2008 – Montréal Ville UNESCO de design : Perceptions et évaluations des actions

1 September 2008 — 1 December 2013

  • Description

    Nearly 95% of respondents wish for the renewal of the Montreal, UNESCO City of Design initiative. At a later stage, it is suggested to focus primarily on establishing decision criteria for projects and strengthening citizens' support for the designation.

    To conclude the Montreal, UNESCO City of Design initiative (2008-2012), it became essential to identify the relevant actions thus far, to assess its scope, and to summarize future priorities. In addressing these aspects, this report considered 5 major objectives:

    • Reveal the strategic positioning of the initiative with respect to municipal action;
    • Report public perceptions relative to the designation of Montreal as a UNESCO City of Design and the actions undertaken in this context;
    • Evaluate the relevance of the approach and the means deployed by the Bureau du design;
    • Observe the values and criteria of quality in design initially promoted by the initiative;
    • Identify future priorities.

    To meet these objectives, we engaged in a dozen individual interviews with key stakeholders: Montreal elected officials, heads of departments of the City of Montreal, and representatives of public partners involved in the process. The report was completed using online surveys, shared with design professionals and members of the public, to which over 320 people responded.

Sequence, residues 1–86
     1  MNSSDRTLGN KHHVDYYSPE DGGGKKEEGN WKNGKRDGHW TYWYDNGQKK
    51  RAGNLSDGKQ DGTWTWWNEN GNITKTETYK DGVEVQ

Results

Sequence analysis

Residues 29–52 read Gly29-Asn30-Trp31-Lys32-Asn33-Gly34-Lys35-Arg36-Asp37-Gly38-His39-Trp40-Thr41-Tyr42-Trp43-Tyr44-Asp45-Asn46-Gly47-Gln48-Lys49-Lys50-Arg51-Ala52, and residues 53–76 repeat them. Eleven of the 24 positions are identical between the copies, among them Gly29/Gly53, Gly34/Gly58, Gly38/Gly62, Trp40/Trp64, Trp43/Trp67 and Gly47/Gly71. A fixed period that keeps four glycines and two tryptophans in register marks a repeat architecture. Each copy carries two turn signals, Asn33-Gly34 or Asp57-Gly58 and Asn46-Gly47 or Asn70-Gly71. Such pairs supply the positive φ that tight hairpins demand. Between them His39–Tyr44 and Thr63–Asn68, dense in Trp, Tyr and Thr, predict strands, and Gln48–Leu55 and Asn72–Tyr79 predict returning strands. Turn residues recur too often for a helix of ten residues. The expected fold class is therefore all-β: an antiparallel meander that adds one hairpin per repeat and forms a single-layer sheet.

In terms of strategic positioning, the Montreal, UNESCO City of Design initiative shares common objectives with various policies, sectorial action plans, and detailed planning exercises on a metropolitan scale. Several approaches explicitly recognize the designation of Montreal, UNESCO City of Design as an opportunity for change for the city, namely in Montreal’s Development Plan project - Montreal for Tomorrow - currently under development. The designation is regarded as an economic force for the future development of the city.

    Key actors interviewed perceive this designation positively. A professional culture is likely shifting towards the quality of design values promoted by the Montreal designation. However, some raise the elitist nature of the design industry, which may create a lack of interest relative to the designation and the ensuing initiative’s actions. Questionnaire respondents generally agree that the designation generates tangible benefits, which contribute to the city’s development. More specifically, 67% of surveyed design professionals recognize the influence of the designation in their practice.

    The approach and the methods put forward by the Montreal, UNESCO City of Design initiative are considered a relatively minimal response to Montreal’s development challenges. To ensure optimal deployment, closer alignment with the various municipal entities is essential for many. Overall, it is emphasized that the methods and tools enabled, for instance:

    • To disseminate the City’s actions;
    • To raise awareness among development actors on the importance of design excellence.